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The Green Flash

Sometimes, when Venus is crescent in the evening sky, if you see it through a telescope with totally color corrected
optics (and if the image is right side up), you'll see it as red on the bottom and blue on the top. That's because if
Venus is crescent in the evening sky you'll see it not far from the western horizon. And since the light which you then
see from Venus comes into the Earth's atmosphere at a slant, the colors get dispersed as they would going through a prism.
And the closer Venus gets to the horizon, the greater the color dispersion. However, if you want to see Venus without
the color dispersion, you can use an ordinary binocular eyepiece with an uncorrected field lens. Then, if you push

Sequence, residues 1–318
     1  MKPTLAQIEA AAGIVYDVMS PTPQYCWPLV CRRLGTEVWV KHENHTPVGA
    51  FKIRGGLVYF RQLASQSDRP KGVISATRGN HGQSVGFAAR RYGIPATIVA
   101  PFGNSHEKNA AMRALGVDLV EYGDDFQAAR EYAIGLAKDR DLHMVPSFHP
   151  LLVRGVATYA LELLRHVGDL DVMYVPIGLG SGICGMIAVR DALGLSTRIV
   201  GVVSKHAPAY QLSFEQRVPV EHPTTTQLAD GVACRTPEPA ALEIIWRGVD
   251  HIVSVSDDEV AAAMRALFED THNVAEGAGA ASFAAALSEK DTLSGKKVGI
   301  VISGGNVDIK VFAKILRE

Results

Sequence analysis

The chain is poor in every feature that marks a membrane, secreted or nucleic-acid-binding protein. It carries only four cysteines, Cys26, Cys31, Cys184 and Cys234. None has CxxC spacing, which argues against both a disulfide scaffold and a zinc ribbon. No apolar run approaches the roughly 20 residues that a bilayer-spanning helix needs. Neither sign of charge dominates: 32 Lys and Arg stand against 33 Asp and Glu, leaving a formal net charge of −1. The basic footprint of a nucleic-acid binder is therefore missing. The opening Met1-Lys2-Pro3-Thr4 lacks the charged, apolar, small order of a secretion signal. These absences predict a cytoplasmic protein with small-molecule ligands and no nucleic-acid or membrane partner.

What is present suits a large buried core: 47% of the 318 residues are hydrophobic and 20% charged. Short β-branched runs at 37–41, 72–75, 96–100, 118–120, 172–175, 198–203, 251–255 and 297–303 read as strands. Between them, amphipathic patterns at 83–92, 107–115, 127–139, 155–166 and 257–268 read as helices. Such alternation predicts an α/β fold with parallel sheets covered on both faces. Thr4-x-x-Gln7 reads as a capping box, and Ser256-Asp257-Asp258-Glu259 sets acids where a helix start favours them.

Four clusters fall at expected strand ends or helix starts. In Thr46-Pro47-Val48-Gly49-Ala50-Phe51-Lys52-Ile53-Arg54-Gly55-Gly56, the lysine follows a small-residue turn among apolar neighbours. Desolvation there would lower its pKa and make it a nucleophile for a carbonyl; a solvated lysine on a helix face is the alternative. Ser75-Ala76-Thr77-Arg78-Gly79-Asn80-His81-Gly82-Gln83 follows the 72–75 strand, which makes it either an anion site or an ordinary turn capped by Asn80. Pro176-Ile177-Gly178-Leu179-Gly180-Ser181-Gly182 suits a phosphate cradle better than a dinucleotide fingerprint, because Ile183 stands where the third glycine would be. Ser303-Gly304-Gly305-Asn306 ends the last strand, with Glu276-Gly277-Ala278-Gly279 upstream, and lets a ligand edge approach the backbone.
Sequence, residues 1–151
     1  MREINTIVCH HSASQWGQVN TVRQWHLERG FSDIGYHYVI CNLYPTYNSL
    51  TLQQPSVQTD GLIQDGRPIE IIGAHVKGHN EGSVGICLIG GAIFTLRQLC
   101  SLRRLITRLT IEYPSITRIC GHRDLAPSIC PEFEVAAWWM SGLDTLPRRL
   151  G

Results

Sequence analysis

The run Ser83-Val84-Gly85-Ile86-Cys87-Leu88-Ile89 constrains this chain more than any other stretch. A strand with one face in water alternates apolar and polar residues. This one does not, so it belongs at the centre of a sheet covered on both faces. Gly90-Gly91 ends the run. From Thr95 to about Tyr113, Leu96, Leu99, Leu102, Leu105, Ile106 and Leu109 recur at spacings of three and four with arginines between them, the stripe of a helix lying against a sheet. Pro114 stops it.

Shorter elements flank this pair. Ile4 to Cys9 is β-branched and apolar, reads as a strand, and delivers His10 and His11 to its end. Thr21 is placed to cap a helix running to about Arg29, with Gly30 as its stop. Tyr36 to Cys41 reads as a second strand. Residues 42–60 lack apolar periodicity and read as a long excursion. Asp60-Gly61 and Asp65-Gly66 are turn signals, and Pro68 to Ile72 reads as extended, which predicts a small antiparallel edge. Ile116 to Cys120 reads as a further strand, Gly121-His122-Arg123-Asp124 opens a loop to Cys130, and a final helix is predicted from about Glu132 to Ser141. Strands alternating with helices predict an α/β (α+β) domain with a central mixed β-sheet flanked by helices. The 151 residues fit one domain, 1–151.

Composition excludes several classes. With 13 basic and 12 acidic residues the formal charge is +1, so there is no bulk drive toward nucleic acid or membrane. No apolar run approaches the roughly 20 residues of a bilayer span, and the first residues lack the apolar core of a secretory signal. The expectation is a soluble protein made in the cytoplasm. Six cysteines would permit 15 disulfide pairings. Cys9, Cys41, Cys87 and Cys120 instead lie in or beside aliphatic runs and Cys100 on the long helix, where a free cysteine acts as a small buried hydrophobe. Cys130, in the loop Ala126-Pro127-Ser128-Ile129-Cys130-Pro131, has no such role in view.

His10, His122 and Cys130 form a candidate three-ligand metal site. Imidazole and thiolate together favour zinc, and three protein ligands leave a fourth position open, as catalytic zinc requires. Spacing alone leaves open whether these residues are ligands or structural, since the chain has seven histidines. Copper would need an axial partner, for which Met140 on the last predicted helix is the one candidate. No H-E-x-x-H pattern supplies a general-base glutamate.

the image higher in the eyepiece field, the chromatic aberration of the field lens will clean up the chromatic
aberration of the Earth's atmosphere.
Now this color dispersion affects what you see when you watch the setting Sun. It does the same thing to your image of the
Sun that it does to your image of Venus, low on the western horizon. It puts the red on the bottom and the blue on the
top. And if you get the opportunity to watch the Sun go down in very clear weather, if you get to see it looking yellow
rather than red or orange, you may see an interesting sight. You may see a sudden color change as the last speck of the
Sun's disk dips below the horizon. The red edge of the Sun's image goes down first, and the trailing edge is blue. This
sudden color change is called the "green flash", not because it flashes brighter but because the color change is sudden.
And it is usually seen as green because the blue is
overwhelmed by the yellow of the sunset. Only rarely is it
seen as blue.